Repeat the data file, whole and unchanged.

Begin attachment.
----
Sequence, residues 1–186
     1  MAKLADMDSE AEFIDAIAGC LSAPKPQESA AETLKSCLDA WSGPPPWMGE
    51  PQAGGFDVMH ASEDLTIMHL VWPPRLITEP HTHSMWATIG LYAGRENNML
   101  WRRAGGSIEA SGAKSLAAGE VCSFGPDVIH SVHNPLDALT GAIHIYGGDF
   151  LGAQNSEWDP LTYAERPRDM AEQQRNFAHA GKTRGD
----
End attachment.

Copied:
Sequence, residues 1–186
     1  MAKLADMDSE AEFIDAIAGC LSAPKPQESA AETLKSCLDA WSGPPPWMGE
    51  PQAGGFDVMH ASEDLTIMHL VWPPRLITEP HTHSMWATIG LYAGRENNML
   101  WRRAGGSIEA SGAKSLAAGE VCSFGPDVIH SVHNPLDALT GAIHIYGGDF
   151  LGAQNSEWDP LTYAERPRDM AEQQRNFAHA GKTRGD